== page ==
bhav does bare lit 17
On 22-23 April, I went to Bare Lit, a literary festival that celebrates writers of colour at Toynbee Studios. I arrived armed with a notebook and an Americano from Pret (TF’s fave coffee shop), ready to engage, learn and furiously nod in agreement – all of those things happened. Never have I been more happy to be up early on a Saturday morning, bobbing along Commercial Street ready for a weekend of bare lit discussions exclusively by writers of colour.
Writers Inua Ellams, Ali Bader, Irfan Master discuss how they use fantastical elements in their writing to comment on their realities.
I tried to think back to the last time I attended a whole weekend festival of work lead by creatives of colour, and apart from a sick weekend at Afropunk last July (roll on 2017), I couldn’t think of any others. I have attended panel discussions where people of colour feature – but they’re often, if not always, addressing the ‘diversity’ issue and the audience is (almost completely) white and eager to learn about how they can be better. This wasn’t that at all – this was a weekend of celebration, discussion and provocation – how can we do better, be better and perhaps even more importantly: how can we support each other? I was moved by all of the calls to action, particularly Bibi Bakare Yusuf of Cassava Republic Press who quite rightly said ‘We’re in a historical moment where we can do things for ourselves…we need more of us.‘
Wei Ming Kam, Gautam Malkani, Annette Brook and Joelle Owusu-Sekyere discuss self-publishing.
I saw panelists over a span of generations, experiences and disciplines but nonetheless everyone was doing their work with self-agency and ownership, from fundraising to publish their own books (Riaz Phillips, Gautaum Malkani) to creating a magazine platform so they can see themselves reflected in the world (Burnt Roti, Skin Deep, gal-dem). Creatives of colour are done waiting for the platform – they’re making it for themselves. I left Bare Lit with a heavier bag of books, a lighter wallet and a wealth of knowledge and inspiration to be better. Thank you Bare Lit, it’s was a pleasure to skip from one room to the next, learning so much and knowing that there are not only platforms to be joined, but platforms to be made.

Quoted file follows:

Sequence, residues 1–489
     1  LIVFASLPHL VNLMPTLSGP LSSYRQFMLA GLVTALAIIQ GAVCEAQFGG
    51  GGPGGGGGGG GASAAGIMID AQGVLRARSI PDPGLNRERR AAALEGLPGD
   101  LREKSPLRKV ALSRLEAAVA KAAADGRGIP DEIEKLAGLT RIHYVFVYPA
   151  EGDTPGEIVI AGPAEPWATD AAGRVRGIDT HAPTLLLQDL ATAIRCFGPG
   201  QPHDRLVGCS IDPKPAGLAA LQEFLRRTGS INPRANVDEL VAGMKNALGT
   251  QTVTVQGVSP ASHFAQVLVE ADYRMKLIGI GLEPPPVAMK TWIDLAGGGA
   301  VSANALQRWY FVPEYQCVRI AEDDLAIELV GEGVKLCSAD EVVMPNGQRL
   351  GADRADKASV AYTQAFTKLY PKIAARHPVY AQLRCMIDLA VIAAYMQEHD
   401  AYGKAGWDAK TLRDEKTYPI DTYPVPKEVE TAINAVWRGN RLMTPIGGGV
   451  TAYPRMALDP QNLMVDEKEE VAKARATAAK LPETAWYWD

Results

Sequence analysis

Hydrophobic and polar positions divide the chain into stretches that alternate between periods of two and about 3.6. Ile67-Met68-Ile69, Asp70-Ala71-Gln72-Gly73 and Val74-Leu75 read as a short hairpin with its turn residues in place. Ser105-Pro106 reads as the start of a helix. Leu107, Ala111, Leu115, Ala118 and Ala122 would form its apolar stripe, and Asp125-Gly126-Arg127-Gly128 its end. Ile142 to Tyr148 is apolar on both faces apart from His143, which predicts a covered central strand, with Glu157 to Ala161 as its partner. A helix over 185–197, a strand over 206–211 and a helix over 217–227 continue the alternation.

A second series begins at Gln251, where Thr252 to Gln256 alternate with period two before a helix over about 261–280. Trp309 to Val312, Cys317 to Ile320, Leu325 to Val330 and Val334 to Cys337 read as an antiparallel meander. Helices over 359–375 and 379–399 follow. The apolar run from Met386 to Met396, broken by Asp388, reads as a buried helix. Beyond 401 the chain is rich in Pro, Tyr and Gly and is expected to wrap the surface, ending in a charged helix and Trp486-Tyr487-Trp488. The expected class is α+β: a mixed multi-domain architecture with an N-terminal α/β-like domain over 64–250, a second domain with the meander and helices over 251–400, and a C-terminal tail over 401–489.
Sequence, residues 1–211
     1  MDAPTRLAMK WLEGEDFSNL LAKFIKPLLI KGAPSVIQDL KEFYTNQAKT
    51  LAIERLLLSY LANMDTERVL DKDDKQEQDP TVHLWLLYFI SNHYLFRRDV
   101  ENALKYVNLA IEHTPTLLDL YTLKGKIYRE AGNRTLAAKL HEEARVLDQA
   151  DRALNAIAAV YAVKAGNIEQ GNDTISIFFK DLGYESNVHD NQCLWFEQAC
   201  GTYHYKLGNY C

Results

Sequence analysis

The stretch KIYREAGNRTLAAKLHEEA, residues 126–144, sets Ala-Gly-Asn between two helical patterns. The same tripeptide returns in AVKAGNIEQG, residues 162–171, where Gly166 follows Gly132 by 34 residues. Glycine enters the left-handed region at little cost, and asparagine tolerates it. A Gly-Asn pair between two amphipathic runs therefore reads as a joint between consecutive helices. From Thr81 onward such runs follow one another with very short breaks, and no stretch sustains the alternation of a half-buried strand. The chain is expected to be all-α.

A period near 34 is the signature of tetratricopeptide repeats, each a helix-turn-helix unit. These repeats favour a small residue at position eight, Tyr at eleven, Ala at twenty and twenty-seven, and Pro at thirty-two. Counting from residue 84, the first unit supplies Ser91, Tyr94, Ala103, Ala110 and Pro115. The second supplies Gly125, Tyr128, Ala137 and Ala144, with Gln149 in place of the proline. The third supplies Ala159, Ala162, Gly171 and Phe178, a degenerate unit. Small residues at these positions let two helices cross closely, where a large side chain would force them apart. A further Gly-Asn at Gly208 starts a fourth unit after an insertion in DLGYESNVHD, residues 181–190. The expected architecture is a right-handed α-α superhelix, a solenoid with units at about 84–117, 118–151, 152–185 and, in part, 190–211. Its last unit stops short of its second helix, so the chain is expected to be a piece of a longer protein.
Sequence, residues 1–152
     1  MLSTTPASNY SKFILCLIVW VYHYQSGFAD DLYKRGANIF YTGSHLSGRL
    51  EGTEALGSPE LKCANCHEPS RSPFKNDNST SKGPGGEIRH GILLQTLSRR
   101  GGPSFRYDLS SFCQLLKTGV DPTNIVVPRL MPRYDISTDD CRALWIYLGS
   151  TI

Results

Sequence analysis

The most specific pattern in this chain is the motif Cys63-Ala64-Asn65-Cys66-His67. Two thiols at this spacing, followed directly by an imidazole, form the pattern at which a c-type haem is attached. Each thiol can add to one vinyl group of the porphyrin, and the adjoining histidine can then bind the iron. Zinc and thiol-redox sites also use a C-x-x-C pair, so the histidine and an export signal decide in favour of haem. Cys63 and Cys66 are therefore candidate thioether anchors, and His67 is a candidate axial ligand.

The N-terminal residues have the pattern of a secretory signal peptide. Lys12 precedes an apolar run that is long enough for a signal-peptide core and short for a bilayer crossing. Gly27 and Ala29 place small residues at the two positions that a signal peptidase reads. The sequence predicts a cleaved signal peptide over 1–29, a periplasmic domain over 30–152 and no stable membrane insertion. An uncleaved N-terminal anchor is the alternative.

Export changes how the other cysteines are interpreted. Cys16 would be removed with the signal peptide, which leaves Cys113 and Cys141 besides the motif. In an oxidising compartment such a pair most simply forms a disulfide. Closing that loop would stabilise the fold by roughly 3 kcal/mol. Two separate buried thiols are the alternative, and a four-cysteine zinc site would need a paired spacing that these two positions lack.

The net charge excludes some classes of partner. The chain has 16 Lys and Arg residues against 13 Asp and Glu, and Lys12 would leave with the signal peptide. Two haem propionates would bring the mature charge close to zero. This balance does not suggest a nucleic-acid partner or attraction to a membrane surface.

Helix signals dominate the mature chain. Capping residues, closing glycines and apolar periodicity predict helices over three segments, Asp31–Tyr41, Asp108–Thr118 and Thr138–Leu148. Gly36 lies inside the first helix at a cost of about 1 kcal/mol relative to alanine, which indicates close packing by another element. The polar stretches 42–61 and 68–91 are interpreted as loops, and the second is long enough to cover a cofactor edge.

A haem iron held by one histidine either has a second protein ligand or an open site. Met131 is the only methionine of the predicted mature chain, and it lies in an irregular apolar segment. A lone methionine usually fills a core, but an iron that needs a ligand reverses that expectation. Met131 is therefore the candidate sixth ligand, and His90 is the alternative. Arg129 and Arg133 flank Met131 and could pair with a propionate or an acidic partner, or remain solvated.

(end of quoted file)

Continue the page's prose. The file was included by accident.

Here’s to a bigger Bare Lit 2018.
From Pasta to Pigfoot by Frances Mensah Williams
The Things I Would Tell You by Sabrina Mahfouz
Belly Full by Riaz Philips Hold Tight by Jeffrey Boakye
Dorset’s Hidden Histories by Louisa Adjoa Parker
Buffalo Soldier by Tanya Landman
This is Grime by Hattie Collins
Afterhours by Inua Ellams
Mama Can’t Raise No Man by Robyn Travis
When We Speak Of Nothing by Olumide Popoola
No More Heroes by Stephen Johnson
From the Lines of Dissent: Essays on Race, Religion, Identity by People of Colour by Media Diversified